Dr. David B. Adams – Psychological Blog

Psychology of Injury, Pain, Anxiety and Depression

Disorder – Why Lie

why lieBeginning with cases in which an individual believes that he/she has a disorder, we can then discuss those who consciously emulate a disorder for complex reasons.

An individual who continues to believe that s/he has a disorder despite repeated medical reassurance to the contrary may be suffering from Illness Anxiety Disorder. This is one of several Somatic Symptom Disorders, and such disorders do not yield their beliefs to negative diagnostic findings.

Regardless of negative tests, they continue to believe that the disorder is present.

In the past, we used “hypochondriac” to label such people, complete with the derogatory connotations of that term. In cases of work-related injury, the Disorder can arise in response to more serious/valid findings in a similarly injured coworker. In one case, a workers’ son had a motorcycle accident with consequent seizure. The worker later sustained a minor head injury on the job and began to exhibit seizure like activities in the absence of any positive brain findings.

In this and similar cases, the goal is not seeking financial (benefits) gain; the goal is seeking treatment for a problem that they believe truly exists despite negative tests. These patients have a valid and treatable condition arising from anxiety; they are not attempting to fool someone, cheat the system or manipulate a situation.

There is an entirely different situation that is not a disease, disorder or condition. It is merely voluntary behavior which we refer to as malingering, but in this case it is a unique form of malingering. Malingering is not a mental disorder. It is a voluntary behavior most often attributed to anti-social (i.e. “psychopathic”) personality. Such individuals are feigning their symptoms (assimilation) while, for example, denying drug abuse (dissimulation) or seeking a diagnosis (Eg. post traumatic stress disorder) in order to be remunerated for their “problem” as well as, in some cases, avoiding prosecution.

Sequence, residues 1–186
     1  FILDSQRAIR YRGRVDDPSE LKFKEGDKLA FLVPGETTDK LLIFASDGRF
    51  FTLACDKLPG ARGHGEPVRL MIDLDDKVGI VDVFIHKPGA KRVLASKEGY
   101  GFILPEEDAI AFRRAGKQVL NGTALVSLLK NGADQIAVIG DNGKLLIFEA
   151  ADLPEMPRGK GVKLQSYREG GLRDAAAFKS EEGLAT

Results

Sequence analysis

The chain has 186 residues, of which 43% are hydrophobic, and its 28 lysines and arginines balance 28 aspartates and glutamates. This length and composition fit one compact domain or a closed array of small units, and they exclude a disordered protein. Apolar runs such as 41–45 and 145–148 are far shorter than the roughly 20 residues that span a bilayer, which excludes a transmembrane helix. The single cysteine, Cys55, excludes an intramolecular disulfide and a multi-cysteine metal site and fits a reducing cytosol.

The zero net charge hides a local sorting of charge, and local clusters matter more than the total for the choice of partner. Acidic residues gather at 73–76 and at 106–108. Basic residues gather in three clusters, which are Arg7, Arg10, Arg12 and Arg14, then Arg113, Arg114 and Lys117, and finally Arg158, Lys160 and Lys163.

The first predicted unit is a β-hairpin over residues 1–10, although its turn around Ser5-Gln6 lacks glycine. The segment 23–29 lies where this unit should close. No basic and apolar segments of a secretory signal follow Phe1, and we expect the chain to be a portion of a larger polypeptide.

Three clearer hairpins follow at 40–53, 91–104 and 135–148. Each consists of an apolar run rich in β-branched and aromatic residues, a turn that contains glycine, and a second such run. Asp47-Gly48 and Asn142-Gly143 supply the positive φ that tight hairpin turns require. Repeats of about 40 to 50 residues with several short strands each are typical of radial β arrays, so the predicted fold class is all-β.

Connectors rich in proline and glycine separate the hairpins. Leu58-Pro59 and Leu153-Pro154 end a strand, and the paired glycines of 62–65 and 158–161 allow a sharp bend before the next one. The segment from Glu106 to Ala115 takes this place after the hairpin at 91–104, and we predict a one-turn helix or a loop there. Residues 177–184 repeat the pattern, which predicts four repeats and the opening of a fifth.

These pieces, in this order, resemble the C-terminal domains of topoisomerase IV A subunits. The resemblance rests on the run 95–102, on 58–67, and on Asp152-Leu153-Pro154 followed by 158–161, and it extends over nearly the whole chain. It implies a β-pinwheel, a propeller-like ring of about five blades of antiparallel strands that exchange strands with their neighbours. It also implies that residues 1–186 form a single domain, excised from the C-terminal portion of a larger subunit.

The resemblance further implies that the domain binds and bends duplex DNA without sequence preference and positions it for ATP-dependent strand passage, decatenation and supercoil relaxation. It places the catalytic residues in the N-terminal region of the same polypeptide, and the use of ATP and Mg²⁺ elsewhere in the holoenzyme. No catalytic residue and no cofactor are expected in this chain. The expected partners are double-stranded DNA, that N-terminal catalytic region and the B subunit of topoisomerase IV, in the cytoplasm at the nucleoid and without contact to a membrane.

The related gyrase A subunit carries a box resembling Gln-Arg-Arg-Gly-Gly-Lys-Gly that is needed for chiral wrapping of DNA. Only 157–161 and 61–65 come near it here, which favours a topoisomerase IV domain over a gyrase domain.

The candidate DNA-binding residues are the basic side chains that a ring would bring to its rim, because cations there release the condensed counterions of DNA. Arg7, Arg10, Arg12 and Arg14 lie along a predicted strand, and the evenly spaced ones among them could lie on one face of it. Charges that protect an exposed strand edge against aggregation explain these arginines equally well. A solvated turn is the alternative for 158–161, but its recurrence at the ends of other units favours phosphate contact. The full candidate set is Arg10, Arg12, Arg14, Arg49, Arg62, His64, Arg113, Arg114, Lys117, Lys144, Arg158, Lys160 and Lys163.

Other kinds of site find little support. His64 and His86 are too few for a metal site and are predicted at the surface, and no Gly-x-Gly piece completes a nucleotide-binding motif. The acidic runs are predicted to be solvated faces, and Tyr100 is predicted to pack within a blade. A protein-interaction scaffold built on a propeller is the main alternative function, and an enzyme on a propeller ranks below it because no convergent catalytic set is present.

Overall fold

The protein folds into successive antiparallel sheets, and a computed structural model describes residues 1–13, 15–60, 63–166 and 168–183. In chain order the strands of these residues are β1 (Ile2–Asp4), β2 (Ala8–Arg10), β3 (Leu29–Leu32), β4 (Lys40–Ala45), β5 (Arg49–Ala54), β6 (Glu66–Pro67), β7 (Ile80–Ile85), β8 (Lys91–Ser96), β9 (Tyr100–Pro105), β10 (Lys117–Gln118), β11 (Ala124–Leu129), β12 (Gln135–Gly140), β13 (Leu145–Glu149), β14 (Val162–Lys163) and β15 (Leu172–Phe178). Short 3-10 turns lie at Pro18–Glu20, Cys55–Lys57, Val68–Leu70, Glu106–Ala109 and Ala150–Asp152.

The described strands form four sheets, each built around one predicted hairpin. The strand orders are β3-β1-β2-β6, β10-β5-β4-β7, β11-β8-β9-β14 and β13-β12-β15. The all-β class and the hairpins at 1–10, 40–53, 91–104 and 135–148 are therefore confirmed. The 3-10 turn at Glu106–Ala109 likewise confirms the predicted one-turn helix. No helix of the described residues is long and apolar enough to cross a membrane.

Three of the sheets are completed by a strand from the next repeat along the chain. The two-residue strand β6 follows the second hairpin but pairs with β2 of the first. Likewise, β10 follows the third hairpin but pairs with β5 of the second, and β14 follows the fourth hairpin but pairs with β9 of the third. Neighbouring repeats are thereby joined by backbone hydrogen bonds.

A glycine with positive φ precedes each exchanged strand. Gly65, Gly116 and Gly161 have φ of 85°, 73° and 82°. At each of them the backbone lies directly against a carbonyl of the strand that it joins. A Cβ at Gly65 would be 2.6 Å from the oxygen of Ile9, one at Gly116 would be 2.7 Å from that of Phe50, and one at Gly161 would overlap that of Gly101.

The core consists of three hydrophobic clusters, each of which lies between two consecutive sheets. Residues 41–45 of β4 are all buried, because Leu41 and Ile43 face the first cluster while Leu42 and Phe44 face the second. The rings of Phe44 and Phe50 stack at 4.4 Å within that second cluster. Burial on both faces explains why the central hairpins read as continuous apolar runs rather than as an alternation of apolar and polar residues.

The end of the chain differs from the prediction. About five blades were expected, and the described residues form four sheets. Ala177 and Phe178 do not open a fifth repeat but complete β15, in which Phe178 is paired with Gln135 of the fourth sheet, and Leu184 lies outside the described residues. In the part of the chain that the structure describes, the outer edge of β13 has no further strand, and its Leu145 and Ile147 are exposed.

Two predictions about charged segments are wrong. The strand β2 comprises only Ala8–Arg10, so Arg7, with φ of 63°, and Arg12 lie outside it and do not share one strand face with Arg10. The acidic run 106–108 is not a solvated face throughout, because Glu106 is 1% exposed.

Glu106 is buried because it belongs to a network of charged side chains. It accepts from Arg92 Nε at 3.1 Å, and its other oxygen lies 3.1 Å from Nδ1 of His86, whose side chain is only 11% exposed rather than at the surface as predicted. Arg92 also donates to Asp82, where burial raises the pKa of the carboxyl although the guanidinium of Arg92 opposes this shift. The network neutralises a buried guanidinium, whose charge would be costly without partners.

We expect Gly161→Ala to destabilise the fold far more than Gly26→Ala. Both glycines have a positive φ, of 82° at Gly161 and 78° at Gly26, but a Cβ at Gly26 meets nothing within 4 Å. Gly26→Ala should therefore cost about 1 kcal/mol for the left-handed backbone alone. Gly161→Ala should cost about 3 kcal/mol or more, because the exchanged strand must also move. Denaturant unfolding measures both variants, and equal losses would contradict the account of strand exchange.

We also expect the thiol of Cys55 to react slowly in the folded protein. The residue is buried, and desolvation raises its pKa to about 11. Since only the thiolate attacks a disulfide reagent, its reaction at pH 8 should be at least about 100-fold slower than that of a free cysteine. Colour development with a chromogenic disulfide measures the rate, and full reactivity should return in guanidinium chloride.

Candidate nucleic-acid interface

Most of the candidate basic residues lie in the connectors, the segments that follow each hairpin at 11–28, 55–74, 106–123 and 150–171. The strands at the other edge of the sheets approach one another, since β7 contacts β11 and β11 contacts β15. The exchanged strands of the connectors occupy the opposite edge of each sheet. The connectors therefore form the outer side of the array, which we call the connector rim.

It is important to be aware that there is one more variant that appears in workers’ compensation: those who are, indeed, feigning their symptoms and disease not in order to receive tangible/financial gain but because they are afraid. Thus, these individuals are malingering/faking/feigning; they are consciously aware that they are doing so. They have been asked diagnostic questions (for example regarding post concussive disorder, post traumatic stress disorder, severe major depressive disorder, etc.) and even though they do not have the condition, they are fearful that someday that condition may emerge. They may be worried that they will develop delayed onset PTSD, that their mildly depressed mood may be a harbinger for a significant major depressive episode or that they do have a brain injury that is merely defying diagnosis. They feign symptoms to maintain medical care that may someday be needed.

The distinction between Illness Anxiety Disorder, anti-social malingering and pathological malingering is crucial to understanding and treating only those who will benefit from work-related care.

Differentiating between the three goes beyond the ken of an EAP (which is beneficial for mild situational anxiety or occupational crises) or the physician to whom all three have the same presentation. Nonetheless, it is a critical distinction that will govern case management and resolution or lack thereof.

American Psychological Association

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